Sprucing up a place for plants
It's underfunded, overlooked and, because of a lack of staffing, parts are just plain weedy. That's the 230 acres, with their 10,000 plants...
Seattle Times staff reporter
It's underfunded, overlooked and, because of a lack of staffing, parts are just plain weedy.
That's the 230 acres, with their 10,000 plants, that make up the Washington Park Arboretum in the middle of Seattle. Its enthusiasts admit the park is better known elsewhere than in its hometown.
It is one of the country's great botanical gardens, renowned for its collections that include oaks, hollies and rhododendrons.
Now, finally, there is discernible progress at the park.
A big, new, splashy garden, covering 12 acres, is being created.
In the local horticultural world, that is cause for great excitement.
It was in 1934, when the arboretum was founded, that the last such major garden work was done.
It almost seems inevitable that when your main product line includes trees, progress is measured very slowly. Still, that's a wait of 73 years.
"I think that because it's [at] our back door, people just see it as a park," said Mary Lou Smith, 55, a 10-year volunteer.
That's why an 11:30 a.m. ceremony Thursday at the arboretum — as hokey as it might appear as participants will follow a carved cedar pole as they shake gourd rattles — means so much to her. The pole will be used to support an interpretive shelter at the new garden.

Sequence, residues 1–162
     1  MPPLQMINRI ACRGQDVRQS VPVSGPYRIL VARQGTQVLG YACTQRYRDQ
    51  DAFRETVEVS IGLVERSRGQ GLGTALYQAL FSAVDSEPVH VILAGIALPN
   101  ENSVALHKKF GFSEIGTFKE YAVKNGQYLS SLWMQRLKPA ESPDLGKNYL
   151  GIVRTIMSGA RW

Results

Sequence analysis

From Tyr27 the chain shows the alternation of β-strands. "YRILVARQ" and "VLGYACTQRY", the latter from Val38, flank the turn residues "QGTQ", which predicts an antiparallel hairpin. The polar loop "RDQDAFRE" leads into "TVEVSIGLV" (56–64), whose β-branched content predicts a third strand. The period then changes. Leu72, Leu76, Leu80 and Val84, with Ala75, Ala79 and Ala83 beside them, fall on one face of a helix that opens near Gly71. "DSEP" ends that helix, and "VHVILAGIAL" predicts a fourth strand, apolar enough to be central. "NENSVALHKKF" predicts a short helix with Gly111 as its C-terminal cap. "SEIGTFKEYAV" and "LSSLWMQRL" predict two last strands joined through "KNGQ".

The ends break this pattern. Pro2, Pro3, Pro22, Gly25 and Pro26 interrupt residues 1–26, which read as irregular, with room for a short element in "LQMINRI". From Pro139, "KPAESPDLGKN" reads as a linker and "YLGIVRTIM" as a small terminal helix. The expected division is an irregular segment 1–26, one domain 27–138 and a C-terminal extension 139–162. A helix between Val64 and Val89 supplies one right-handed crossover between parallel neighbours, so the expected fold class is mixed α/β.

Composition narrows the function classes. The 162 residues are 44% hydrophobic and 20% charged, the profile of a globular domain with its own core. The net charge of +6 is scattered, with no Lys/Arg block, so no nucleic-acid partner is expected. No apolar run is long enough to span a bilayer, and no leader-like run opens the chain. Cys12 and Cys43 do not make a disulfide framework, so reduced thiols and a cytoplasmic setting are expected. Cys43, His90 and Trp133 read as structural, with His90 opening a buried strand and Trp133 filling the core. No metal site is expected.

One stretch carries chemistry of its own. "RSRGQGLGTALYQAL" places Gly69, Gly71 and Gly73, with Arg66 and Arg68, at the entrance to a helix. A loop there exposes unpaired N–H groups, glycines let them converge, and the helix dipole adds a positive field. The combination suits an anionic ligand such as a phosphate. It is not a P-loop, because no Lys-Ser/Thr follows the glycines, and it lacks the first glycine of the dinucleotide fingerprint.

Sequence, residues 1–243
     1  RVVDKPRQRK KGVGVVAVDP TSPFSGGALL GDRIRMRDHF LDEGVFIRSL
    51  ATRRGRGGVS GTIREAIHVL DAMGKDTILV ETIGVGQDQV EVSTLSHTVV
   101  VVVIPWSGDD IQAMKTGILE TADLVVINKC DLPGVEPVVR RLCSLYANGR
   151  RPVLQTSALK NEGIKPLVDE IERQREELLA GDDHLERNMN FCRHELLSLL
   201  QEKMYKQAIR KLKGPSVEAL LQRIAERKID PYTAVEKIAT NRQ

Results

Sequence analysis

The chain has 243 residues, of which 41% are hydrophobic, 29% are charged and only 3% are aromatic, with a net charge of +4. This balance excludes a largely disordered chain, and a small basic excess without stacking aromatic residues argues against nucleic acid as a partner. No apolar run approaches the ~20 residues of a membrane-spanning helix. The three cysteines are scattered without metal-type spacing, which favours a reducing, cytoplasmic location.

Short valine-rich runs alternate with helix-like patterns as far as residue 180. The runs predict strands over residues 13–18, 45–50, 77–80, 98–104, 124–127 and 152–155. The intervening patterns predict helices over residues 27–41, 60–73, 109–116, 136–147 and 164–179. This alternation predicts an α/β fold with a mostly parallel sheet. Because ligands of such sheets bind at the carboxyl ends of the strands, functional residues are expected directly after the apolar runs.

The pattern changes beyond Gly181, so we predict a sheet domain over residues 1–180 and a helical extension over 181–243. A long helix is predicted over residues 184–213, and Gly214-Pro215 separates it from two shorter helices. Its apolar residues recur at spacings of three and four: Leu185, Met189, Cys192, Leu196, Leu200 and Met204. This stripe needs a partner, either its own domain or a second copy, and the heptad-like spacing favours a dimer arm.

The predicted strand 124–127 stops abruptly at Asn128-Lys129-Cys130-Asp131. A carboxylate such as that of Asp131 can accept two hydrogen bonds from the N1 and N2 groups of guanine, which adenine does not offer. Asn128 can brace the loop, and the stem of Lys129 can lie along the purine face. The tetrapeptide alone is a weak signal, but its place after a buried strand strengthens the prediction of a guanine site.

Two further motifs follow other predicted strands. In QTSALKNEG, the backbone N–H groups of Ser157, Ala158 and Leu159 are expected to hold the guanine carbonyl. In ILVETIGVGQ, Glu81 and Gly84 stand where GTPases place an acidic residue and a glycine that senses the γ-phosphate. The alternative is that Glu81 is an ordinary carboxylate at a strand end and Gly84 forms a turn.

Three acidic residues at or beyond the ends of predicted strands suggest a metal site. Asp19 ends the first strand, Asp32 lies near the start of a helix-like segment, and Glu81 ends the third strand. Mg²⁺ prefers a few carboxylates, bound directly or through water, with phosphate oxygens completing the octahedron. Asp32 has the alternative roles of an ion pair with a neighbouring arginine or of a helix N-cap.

"Everybody's excited. It's a big step forward," said Smith.
The new Pacific Connections Garden will have plants and mini-forests representing this region and four other countries in the Pacific Rim with similar climates.
Chosen as "iconic" plants from each region will be ginkgo trees from China; the New Zealand flax, a grassy perennial; the eucalyptus tree from Australia; the monkey puzzle tree from Chile; and, from here, the Western red cedar.
Money is the main reason why it took so long to bring about such a major project.
For example, said botanist David Mabberley, the arboretum's director, its budget gives it only six gardeners to look after all those 10,000 plants.
A master plan says the park really should have 40 gardeners if it had the same staffing as botanical centers in San Francisco or Vancouver, B.C.
"It does look a bit tatty," said Mabberley, using a term from his native England, about the arboretum's unkempt look.
During six sessions, under the guidance of the Pomegranate Center — an Issaquah nonprofit — some 40 volunteers used power and hand tools in carving the poles. Smith helped carve two of 12 such poles, all from cedar trees blown down in the park during last December's windstorm.
"I was dusty from head to toe," she said. "It gives you a sense of ownership."
A $2.2 million gift from the Arboretum Foundation, along with $450,000 from parks levy money, has made the initial work on the garden possible. Mabberley said several million dollars more will be needed to finish the project.
Smith also knows it'll be many years before the vision is a reality.
It's not just the money; ginkgo trees don't exactly grow fast.
There is no mandatory overtime for plants.
Erik Lacitis: 206-464-2237 or firstname.lastname@example.org
Copyright © 2007 The Seattle Times Company
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